Monte-Carlo first order Markov model
Based on the PCA results we produced a model of OKN stochasticity with the same loading patterns as seen in Figure 5. Due to the constraints imposed by Equations 13 it was not possible to use the loading values to generate a model directly, and it was necessary to interpret the loading patterns to determine which correlations we would need to model and which would be forced by the constraints. 
We made four assumptions before developing the model. First, we assumed that the three uncorrelated sources of variability, or noise (corresponding to the S-, Q-, and V-components) were normally distributed. Second, we assumed parsimoniously that the process could be explained by a first order Markov process. That is, the state of the system is conditional only on the immediate previous cycle and not explicitly on earlier cycles. Third, we assumed the model parameters associated with the eigenvectors (a, b, c, and d; see below) would be constant across trials. Fourth, we assumed the model parameters associated with the eigenvalues (e, εs(i), εq(i), and εv(i); see below) would be free parameters and allowed to vary between trials. 
S-component
In the S-component there was a high positive loading from Si, positive loading from Vi, and negative loading from xi (Figure 5). This loading pattern indicated that SP amplitude becomes more positive (increases in magnitude) with more positive SP velocity and a more negative SP start position. This correlation could also be observed in regression of Si against xi and Vi with a mean R2 = 0.25 (p ≤ 6 × 10−5 for all trials). We express these relationships in the form: where a and b are constants and εs(i) is a normal random process with mean ŝ and standard deviation σs. We assume that the values of ŝ and σs remain constant during each trial. In the S-component there were also positive loadings from Ti and yi, sometimes high and sometimes low, but these loadings appear to be forced by the constraints in Equation 3 and Equation 2, respectively. 
Q-component
There was an equivalent pattern in the Q-component with a positive loading from Qi and a negative loading from yi (Figure 5) indicating that QP amplitude becomes more positive (decreases in magnitude) with a more negative QP start position. Evidence of Vi loading on the Q-component was not as clear as in the S-component, as it was sometimes positive and sometimes negative and occurred in association with loading from Si. However, regression of Qi against Vi and yi revealed a linear trend with a mean R2 = 0.34 (p ≤ 2.2 × 10−5 for all trials). We express these relationships in the form where c and d are constants and εq(i) is a normal random process with mean and standard deviation σq. We assume that the values of and σq remain constant during each trial. We interpret the other loadings in the Q-component to be forced by the constraints expressed in Equations 13
V-component
In the V-component of each cycle there was a high positive loading from Vi and corresponding negative loading from Ti with a small or absent loading from Si (Figure 5). This indicates that the V-component describes whether SP velocity is fast or slow independent of its amplitude. This loading pattern implies that the V-component is self-contained and does not depend directly on the other variables. However, from Figure 3A we see that Vi is autocorrelated and the regression of Vi+1 against Vi reveals a clear linear relationship with a mean R2 = 0.28 (p ≤ 3.3 × 10−4 for 35 of 40 trials). As the principal components reflect uncorrelated noise processes, we express this relationship in the form of an autoregressive rather than a moving average model where e is a free parameter, and εv(i) is a normal random process with mean and standard deviation σv. We assume that the values of e, , and σv remain constant during each trial.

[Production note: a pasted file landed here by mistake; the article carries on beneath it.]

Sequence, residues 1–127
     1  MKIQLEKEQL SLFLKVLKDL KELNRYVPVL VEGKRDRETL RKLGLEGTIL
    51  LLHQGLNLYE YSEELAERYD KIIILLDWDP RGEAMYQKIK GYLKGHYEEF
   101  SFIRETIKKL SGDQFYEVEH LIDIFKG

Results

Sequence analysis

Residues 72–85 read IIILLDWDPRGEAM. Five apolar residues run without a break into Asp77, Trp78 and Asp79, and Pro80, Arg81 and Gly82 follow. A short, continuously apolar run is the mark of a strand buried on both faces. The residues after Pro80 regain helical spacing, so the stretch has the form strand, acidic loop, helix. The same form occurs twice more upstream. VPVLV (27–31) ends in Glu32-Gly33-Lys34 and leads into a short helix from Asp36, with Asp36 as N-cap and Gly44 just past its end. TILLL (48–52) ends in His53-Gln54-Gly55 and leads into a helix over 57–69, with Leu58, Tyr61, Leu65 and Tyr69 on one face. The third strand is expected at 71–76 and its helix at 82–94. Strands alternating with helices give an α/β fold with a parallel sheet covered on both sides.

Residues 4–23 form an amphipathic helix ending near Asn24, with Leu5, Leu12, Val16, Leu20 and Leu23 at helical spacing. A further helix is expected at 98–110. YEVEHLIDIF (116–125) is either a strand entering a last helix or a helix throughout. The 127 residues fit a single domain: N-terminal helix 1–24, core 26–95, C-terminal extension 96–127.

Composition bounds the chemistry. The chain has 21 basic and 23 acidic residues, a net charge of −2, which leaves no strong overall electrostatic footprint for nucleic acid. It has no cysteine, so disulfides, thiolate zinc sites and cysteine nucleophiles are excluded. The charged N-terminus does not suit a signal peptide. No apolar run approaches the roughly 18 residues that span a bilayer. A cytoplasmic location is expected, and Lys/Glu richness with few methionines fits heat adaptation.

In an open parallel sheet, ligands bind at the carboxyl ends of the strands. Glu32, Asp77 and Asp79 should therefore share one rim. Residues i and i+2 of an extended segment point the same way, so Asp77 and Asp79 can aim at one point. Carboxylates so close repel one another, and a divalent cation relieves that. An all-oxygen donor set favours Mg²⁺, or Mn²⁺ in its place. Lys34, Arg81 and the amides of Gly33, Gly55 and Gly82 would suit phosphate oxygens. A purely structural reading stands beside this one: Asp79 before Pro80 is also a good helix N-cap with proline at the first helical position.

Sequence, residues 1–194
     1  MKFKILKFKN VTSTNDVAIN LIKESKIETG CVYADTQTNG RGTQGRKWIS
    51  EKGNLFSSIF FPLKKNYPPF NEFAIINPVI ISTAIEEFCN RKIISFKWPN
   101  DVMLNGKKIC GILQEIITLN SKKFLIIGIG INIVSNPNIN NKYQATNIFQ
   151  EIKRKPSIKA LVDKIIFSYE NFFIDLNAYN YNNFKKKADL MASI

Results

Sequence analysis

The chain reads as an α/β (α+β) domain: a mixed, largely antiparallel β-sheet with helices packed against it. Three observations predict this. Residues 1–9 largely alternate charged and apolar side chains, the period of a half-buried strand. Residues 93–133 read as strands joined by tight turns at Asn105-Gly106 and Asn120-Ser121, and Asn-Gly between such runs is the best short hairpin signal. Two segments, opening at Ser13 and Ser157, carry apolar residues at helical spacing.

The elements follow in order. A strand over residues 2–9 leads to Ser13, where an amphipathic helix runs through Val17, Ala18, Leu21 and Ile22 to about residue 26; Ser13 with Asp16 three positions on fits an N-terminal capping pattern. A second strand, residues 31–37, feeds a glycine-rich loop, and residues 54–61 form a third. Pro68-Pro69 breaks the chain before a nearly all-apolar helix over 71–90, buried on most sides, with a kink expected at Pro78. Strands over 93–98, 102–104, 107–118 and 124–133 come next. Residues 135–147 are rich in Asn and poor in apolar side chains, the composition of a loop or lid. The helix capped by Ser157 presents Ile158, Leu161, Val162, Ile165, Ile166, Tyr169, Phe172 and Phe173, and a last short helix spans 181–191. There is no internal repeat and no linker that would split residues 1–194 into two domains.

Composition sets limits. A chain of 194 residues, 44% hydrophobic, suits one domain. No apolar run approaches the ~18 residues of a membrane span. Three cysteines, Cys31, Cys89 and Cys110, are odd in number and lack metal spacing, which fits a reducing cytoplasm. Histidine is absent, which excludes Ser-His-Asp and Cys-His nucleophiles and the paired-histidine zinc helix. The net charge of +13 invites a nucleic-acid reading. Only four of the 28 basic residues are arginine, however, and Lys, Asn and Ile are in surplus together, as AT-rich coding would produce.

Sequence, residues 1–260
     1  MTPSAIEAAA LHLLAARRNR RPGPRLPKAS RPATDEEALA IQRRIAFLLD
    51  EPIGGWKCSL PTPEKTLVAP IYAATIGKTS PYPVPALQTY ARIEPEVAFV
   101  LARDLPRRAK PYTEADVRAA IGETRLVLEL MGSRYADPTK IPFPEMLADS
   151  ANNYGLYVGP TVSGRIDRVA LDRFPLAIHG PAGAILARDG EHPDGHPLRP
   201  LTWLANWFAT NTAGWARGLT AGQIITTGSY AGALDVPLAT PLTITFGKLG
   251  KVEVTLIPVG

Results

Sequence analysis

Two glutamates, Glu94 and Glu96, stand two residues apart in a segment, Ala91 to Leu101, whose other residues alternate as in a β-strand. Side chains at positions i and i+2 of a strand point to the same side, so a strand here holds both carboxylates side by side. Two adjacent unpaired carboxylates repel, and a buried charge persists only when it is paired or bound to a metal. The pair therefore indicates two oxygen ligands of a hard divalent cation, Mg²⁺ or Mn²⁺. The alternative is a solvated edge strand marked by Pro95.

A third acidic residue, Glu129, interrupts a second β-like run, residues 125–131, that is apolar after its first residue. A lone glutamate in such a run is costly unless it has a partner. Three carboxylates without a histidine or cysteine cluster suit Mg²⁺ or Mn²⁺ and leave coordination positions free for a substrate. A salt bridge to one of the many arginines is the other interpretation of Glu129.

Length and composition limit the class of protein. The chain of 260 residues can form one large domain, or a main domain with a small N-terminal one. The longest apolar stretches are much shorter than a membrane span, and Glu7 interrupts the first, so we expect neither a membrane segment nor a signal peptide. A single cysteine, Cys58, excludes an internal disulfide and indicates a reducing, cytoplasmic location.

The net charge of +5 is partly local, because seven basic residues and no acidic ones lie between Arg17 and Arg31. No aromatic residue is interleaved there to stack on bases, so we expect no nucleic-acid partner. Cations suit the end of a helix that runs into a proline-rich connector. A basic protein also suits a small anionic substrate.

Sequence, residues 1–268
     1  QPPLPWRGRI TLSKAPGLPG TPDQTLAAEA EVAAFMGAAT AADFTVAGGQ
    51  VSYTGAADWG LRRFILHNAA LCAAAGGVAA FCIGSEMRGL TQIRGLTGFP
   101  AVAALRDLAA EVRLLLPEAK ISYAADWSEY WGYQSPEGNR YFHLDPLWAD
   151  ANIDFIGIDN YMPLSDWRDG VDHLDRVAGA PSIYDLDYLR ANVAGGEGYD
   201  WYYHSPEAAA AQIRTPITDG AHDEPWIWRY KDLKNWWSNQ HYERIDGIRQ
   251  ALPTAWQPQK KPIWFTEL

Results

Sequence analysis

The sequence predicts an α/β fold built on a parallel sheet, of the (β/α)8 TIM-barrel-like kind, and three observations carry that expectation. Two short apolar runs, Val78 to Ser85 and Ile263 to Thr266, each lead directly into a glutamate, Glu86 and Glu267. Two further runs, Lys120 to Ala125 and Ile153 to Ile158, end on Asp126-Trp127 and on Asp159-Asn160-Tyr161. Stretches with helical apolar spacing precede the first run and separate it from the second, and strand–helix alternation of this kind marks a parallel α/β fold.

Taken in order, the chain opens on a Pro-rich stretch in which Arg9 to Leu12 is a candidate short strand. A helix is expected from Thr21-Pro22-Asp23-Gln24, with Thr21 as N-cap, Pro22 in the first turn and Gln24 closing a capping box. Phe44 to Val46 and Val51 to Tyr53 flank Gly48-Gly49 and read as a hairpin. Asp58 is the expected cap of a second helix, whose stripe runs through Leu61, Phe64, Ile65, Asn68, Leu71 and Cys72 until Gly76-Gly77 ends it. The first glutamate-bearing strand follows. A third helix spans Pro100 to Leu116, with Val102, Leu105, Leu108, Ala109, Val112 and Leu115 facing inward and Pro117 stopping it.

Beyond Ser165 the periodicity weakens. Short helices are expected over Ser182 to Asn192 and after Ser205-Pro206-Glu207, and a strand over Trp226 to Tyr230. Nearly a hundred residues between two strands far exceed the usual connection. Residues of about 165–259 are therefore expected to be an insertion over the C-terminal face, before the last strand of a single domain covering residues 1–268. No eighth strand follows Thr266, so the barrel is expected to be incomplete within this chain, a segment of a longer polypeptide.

Model parameters
Equations 16 describe our stochastic model of the OKN system, containing three constraints and three discrete uncorrelated linear stochastic processes. Equations 1 and 6 describe the update dynamics as a first order Markov process where the variable in one cycle is dependent only on the value of the variable in the previous cycle. We performed multiple linear regressions on the OKN variables recorded from the real data using the weighted least squares method to estimate the values of the model parameters for each trial. Estimates of the standard deviation of the random processes (σs, σq, and σv) were calculated from the residuals of regression. 
The mean values of a, b, c, and d were −0.250, 0.158, −0.478, and −0.166, respectively, and were considered constants for the purposes of our analysis. The mean values of the noise processes (ŝ, , and ) were then recalculated for each trial, keeping the model parameters a, b, c, and d fixed. 
Monte Carlo simulations
Monte Carlo simulations of the original 40 data sets were created using the constants (a, b, c, and d), and the free parameters (e, εs, εq, and εv). The simulated data sets were created iteratively using Equations 16 with the additional constraints   where z is a small positive value to mimic the QP dead zone, which we set to 1°. 
PCA was performed on the simulated data in exactly the same way as with empirical data, and the components were sorted using the same numerical heuristics. The results of PCA performed on four cycles of simulated data are illustrated in Figure 6 and match the results of PCA performed on the empirical data (cf. Figure 5) in terms of the number of components extracted and the patterns and values of loadings. 
Figure 6
 
Results of PCA performed on four cycles of simulated OKN in series. Loading patterns of 13 principal components extracted from four cycles of OKN data in series, simulated using the Markov model (Equations 19). Components are classified into three broad groups representing similar components that are shifted by one or more cycles: Q (components 1–5), S (components 6–9), and V (components 10–13).